Estimated cost to lay 1100 feet of water pipe from northern town limits to the Fiber Works was $500.00.
The Board of Health reported “filthy condition” of ditch behind Smith’s and Dr. Haines’s properties. Council member Samuel Donnell requested higher poles in front of his property because trees were interfering with electrical wires.
Council accepted Aetna’s invitation to ride with the fire company on the July 4 and authorized hiring three men to act as policeman for the day at $2.00 each. The Water Station would be decorated with $5.00 worth of flags and bunting.
July 1894. The Philadelphia, Wilmington, Baltimore RR (now Amtrak) wanted electric lines run to their station on Depot Road.
The town offer to sell water to the Fiber Works at 12 cents / 1000 gallons.

Published June 27, 2014
August 1894. Marshallton Iron Works was paid $3.00 for a carload of ashes which had been used on the streets in January.
Bailiff Frank Ennis collected a $5.00 licensing fee for a performance of Uncle Tom’s Cabin. Leslie Hill and P. Riley were paid $1.50 for watching J. Sullivan for one night each. Extension of Delaware Avenue was tabled after dissenting property owners, Dr. Haines, John Gregg and Newark Academy Trustees, won substantial damages if the extension was to go through.
October 1894. George Medill ask $4.00 for damages to his carriage suffered while Aetna was testing water hoses. Council told him to present a bill. W. Colmary was paid $1.25 for guarding the lock-up. Mrs. Galish was paid 50¢ for a telephone message to coroner in the death of Mr. & Mrs. Beltz on Chapel Street. A new set of Town Ordinances was passed after receiving 3rd and final reading.
November 1894. The Presbyterian Church’s electric bill was reduced from $3.50 to $3.00 per month at their request. Council authorized building a shelf in the lock-up and agreed to pay Aetna 30.00 toward defraying coal cost for the Town Building.
December 1894. The balance in town’s treasury was $1003.97. A bench for the lock-up cost $1.75. St. Thomas P.E. Church requested a reduction in electric charges from $3.00 to $2.50/month. The new Town Ordinances were effective January 1, 1895, with fifteen copies posted in the most public places around town.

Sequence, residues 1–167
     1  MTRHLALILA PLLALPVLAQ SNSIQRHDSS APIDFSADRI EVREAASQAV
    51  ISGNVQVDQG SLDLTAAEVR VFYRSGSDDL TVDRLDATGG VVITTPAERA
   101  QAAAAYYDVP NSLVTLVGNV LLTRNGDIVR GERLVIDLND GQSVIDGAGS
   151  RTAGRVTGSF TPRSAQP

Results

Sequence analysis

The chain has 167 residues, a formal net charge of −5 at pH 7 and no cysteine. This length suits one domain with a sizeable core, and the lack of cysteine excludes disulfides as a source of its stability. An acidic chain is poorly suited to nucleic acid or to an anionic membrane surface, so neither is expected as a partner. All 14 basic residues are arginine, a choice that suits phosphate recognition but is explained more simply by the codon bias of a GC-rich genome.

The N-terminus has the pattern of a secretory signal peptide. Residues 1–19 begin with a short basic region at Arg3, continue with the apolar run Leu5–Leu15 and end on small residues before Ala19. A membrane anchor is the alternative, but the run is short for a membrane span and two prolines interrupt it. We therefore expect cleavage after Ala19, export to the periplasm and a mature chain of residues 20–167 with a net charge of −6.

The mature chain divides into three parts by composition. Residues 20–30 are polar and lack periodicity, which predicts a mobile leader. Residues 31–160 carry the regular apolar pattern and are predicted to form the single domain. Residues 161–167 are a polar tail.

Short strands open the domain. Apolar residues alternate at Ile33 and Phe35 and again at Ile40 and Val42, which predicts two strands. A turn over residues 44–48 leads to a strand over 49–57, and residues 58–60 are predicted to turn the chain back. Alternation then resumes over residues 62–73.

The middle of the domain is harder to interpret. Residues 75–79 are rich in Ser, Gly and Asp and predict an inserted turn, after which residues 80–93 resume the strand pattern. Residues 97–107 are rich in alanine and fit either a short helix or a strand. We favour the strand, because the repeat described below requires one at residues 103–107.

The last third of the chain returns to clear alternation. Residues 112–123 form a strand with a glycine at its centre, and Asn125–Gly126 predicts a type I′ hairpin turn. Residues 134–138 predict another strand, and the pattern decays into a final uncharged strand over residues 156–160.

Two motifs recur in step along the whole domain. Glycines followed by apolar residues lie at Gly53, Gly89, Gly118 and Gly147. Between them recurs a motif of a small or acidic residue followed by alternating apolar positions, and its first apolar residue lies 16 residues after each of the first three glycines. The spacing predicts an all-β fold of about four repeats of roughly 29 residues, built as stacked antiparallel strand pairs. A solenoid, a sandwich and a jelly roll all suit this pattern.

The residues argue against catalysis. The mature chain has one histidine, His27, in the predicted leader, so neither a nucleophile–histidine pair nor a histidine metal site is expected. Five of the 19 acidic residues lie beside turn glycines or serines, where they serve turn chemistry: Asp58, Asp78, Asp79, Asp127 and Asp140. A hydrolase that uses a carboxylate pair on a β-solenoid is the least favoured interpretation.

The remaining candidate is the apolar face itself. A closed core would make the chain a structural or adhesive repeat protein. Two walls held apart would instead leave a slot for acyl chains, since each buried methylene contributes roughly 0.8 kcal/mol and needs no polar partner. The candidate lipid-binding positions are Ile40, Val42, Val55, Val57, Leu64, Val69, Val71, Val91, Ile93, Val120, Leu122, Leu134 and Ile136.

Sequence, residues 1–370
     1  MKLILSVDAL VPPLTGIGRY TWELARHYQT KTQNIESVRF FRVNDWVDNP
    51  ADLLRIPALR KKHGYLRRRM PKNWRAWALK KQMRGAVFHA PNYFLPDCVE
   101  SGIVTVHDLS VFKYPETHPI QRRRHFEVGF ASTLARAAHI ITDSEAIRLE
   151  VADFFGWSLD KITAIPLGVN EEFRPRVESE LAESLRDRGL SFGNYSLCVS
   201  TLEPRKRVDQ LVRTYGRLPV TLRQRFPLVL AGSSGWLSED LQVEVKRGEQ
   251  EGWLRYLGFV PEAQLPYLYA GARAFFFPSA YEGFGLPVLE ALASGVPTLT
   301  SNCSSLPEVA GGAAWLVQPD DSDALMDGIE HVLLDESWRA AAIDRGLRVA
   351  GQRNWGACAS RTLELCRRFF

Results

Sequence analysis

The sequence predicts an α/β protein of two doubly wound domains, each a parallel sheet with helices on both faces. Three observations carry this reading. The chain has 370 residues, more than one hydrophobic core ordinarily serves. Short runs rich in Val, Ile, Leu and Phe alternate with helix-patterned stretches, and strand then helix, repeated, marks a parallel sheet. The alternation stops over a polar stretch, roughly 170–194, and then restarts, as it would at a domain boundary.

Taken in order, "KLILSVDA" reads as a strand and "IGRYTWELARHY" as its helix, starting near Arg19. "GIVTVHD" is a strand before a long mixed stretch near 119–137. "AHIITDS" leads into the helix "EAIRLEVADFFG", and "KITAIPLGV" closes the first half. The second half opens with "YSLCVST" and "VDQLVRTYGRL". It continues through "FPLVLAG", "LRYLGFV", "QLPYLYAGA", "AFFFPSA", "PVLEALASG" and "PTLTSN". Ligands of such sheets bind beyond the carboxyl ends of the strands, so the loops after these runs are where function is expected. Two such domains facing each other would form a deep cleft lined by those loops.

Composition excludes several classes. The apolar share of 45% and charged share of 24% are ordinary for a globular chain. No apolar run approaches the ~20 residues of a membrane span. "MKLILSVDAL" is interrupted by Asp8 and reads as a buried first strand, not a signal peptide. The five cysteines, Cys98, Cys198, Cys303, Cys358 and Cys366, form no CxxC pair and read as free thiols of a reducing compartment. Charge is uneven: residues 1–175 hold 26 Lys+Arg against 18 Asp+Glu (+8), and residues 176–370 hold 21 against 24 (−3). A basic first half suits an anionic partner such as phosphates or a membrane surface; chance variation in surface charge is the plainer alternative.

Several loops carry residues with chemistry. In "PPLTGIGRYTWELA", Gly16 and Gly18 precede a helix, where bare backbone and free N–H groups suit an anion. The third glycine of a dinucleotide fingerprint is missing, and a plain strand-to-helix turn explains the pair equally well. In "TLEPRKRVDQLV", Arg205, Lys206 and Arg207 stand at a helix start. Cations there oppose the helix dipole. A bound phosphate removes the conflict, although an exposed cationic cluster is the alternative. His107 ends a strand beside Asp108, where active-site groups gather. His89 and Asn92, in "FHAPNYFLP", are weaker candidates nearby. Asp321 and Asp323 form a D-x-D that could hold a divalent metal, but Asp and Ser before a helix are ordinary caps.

Published July 11, 2014
May 1895. Mr. Mote submitted a bill for $5.00 for locking up tramps during the past winter, but the request was tabled. Bailiff Ennis’s bill of $20.00 for the same endeavor was reduced to $10.00 by Council. The bailiff received 50 cents for each person arrested and convicted before the Alderman. Bailiff was also to lock up all tramps. The five telephones authorized earlier were to be purchased from Mr. McMullin at $14.00 each, provided they were guaranteed for 2 years.
The owners of a possible cotton factory to be built in town inquired into water service. Council offered maximum 15,000 gallons a day for $5.00 per year.
A tax of $1.00 a year was levied on all telephone and telegraph poles on town streets.
June 1895. Wiring for the town’s 5-telephone system came to $41.78. A few appeals for lowered tax assessments were successful, the largest being Ira McLaughlin’s assessed value lowered by $1000. Council met behind the Washington House and decided legal action was warranted against property owners who had obstructed the town drainage ditches behind Delaware Avenue properties. A medicine man at the Deer Park enriched town coffers by $14.00. Whether by fine or license fee is not stated.
August 1895. The town building required roof paint and new doors for the fire apparatus. The Catholic Church wanted a streetlight out front. Council would furnish wiring, but the church must buy the fixture.

Published July 18, 2014
August-December 1895. Negotiation underway with WCC Hundred Road Commissioners involving tiles and ditching along Academy Street and outside of town.
Town attorney C. B. Evans would not reduce his bill of $50.00 for services.
James Jeffers was appointed Tax Collector. Knauff Organ Factory was behind on their town and road taxes. The matter was referred to attorney C. M. Curtis for collection.
J. Willis was paid $2.45 for building new holding kennel for unlicensed dogs after the old one burned. Council billed Rev. George Ott for work done by the town in front of the Catholic Church.